4- Yes, I agree that in public or in other interactions, there should be no pressure. But we are talking about relationships where trust is required. Some partners might have no issue with it. But some might prefer someone born as the gender they present. I would not be happy if someone presenting as a man didn’t tell me they had a vagina before we had sex. I would see that as unfair.

  • Wendy Lev

    Having a sexual orientation is not transphobic in any way. It isnt transphobic for homosexual people to not want to date with opposite sex people. Its what homosexuality means. Currently lesbians especially are under attack from trans activists, most often transwomen, demanding we see them as sexual partners (or we are bigots). But lesbian sexual orientation rules out by its very definition male bodied, penised individuals. Its a form of discrimination to tell an entire group of oppressed and already discriminated against women, our sexual orientation is somehow bigoted against transwomen. It is not.

    I also believe transwomen and transmen have the duty to be open about their transness to potential sexual partners. Informed consent is key. I would consider not doing so a violation of consent. It is deceit. I do not consent to sleeping with a male bodied person. In the UK,a transman was sentenced to jail b/c of him not disclosing he was really a woman. The young women didnt consent to this.

    What strikes me in the quest for, mostly by transwomen, sex and love, other people’s sexual orientations are ignored, taken for granted, even shamed as transphobic and should be somehow modified. For homosexual people this is homophobia 101. People have sexual and bodily autonomy, which means no one has the right to coerce anyone else into dates, sex by shaming them. Homosexuals have fought for these rights for a very long time, and still do in many parts of the world.

    • As a straight women open to experiences with women, I agree with your comment. I think it is important to hear viewpoints from gay women on this issue. I would definitely want to know either from a man or a woman what their gender status is if I was curious about the issue.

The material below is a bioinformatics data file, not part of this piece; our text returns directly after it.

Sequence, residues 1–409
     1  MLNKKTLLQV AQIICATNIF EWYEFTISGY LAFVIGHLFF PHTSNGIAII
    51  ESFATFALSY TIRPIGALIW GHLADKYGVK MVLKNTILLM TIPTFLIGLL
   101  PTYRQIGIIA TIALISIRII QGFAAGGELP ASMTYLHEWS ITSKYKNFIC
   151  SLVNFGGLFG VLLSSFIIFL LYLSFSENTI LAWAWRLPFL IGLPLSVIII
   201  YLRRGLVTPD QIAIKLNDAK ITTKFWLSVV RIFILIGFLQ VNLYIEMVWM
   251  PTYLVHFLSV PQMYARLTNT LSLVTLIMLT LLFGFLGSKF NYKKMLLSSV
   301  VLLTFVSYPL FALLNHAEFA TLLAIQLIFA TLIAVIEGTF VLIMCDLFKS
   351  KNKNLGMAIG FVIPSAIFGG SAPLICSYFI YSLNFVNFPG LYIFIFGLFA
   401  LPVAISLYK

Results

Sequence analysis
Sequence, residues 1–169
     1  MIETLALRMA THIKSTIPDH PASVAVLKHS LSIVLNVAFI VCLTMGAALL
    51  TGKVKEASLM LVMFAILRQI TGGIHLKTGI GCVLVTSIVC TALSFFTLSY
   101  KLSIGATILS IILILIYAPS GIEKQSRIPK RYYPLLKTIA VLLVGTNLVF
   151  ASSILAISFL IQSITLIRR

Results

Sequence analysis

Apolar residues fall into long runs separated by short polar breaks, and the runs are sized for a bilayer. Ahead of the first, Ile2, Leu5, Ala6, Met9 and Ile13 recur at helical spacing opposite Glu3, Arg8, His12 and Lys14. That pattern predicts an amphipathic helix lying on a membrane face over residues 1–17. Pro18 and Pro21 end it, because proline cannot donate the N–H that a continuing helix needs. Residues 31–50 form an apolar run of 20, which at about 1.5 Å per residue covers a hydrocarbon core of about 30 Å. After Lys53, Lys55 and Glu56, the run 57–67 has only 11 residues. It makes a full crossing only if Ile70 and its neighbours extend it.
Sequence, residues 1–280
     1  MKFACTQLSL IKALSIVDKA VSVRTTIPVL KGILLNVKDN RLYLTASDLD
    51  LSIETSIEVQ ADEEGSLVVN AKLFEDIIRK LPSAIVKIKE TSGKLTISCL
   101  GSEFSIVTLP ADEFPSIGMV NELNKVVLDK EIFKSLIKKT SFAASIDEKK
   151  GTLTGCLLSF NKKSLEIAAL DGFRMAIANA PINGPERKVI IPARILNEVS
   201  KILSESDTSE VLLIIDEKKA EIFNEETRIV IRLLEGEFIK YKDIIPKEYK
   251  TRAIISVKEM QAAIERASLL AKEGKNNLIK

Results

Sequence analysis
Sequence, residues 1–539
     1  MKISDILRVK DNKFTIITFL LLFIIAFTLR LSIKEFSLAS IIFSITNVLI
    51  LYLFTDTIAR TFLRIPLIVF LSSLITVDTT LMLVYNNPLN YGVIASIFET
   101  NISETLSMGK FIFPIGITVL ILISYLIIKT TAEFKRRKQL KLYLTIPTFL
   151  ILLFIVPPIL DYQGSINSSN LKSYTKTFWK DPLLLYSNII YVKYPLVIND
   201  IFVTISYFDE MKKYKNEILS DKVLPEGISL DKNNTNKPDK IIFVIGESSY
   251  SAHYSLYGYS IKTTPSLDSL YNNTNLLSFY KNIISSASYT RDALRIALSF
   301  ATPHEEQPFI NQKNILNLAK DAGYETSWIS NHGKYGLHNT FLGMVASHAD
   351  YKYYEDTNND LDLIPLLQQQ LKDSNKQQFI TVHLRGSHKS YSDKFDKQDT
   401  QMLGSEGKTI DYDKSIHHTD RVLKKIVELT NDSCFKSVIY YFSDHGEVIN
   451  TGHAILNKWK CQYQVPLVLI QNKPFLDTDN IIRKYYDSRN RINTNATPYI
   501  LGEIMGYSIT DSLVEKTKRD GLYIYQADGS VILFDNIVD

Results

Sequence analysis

• Anon Amiss

    I don’t see any reason why a person’s sex assigned at birth should matter or why a trans person should have to reveal that before a sexual encounter. A sexual partner should know what genitalia to expect heading into said encounter.

    I don’t think this means a trans-woman for example should have to say to a potential partner “hey I’m really male” just because she hasn’t had the surgeries needed to transform said genitalia, and thus deny her own identity. However, she needs to say at some point before they have sex, “I am a woman who has a penis.”

    That said though, I don’t think it is anyone’s business except in the case of a potential sexual partner.

    • Well that is precisely the issue. If I wanted to have sex with a woman, then I would not expect to see a penis. I would not want that. So if I had reason to ask, then I would.

  • Disclosing can get you killed. Not disclosing can get you killed.

    The most dangerous situation is disclosing while refusing advances. A transphobe who finds himself attracted to a trans woman, then finds out she’s trans, even if he hasn’t said a word to her, may feel compelled to commit extreme violence lest his manhood be slighted before others.

    Intersex people face the same issue too.

    Under these circumstances, I’m not sure the usual ethical principles can apply. The closest analogy I can make is not the “one quarter black” in 2015 USA, but “one quarter black” in 1920 Alabama, or even “Jewish” in 1935 Berlin.

    It is getting better though – we’re down to only one or two such murders every month in the US. That are reported by the press, anyway.

    Police in George County, Mississippi, have charged a suspect with murder
    in the death of 17-year-old Mercedes Williamson, whose killing marks
    the ninth confirmed homicide of a transgender person in the United
    States this year.

    • Well there is never any justification for murdering someone based on disclosure. That does not mean that disclosure is wrong. Intimacy requires honesty. If someone doesn’t ask, then there is no need to disclose. If they do, I would expect the truth, as would many others.

  • Dianna Davids

    As a transwoman (and Cornell grad – yes there are many of us), I find this analysis lacked real substance because no trans people participated in the discussion (I am assuming this is true as I am not aware of any openly trans faculty). I assume if we were talking about race, religion, or other minorities, you would want to get at least one person from that group to weigh in.